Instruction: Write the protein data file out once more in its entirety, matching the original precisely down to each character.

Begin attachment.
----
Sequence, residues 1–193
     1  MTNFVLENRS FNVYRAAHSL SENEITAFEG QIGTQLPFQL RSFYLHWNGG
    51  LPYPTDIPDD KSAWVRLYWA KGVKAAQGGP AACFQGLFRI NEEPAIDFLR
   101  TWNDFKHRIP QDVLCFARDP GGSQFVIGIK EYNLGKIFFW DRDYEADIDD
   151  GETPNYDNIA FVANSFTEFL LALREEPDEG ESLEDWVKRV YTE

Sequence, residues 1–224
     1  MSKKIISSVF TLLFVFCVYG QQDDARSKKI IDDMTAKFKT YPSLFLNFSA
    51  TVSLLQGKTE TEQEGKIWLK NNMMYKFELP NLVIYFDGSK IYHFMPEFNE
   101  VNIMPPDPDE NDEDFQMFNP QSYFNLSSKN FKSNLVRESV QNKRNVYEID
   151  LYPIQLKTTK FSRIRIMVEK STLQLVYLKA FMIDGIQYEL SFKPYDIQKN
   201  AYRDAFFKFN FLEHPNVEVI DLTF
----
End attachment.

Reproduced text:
Sequence, residues 1–193
     1  MTNFVLENRS FNVYRAAHSL SENEITAFEG QIGTQLPFQL RSFYLHWNGG
    51  LPYPTDIPDD KSAWVRLYWA KGVKAAQGGP AACFQGLFRI NEEPAIDFLR
   101  TWNDFKHRIP QDVLCFARDP GGSQFVIGIK EYNLGKIFFW DRDYEADIDD
   151  GETPNYDNIA FVANSFTEFL LALREEPDEG ESLEDWVKRV YTE

Sequence, residues 1–224
     1  MSKKIISSVF TLLFVFCVYG QQDDARSKKI IDDMTAKFKT YPSLFLNFSA
    51  TVSLLQGKTE TEQEGKIWLK NNMMYKFELP NLVIYFDGSK IYHFMPEFNE
   101  VNIMPPDPDE NDEDFQMFNP QSYFNLSSKN FKSNLVRESV QNKRNVYEID
   151  LYPIQLKTTK FSRIRIMVEK STLQLVYLKA FMIDGIQYEL SFKPYDIQKN
   201  AYRDAFFKFN FLEHPNVEVI DLTF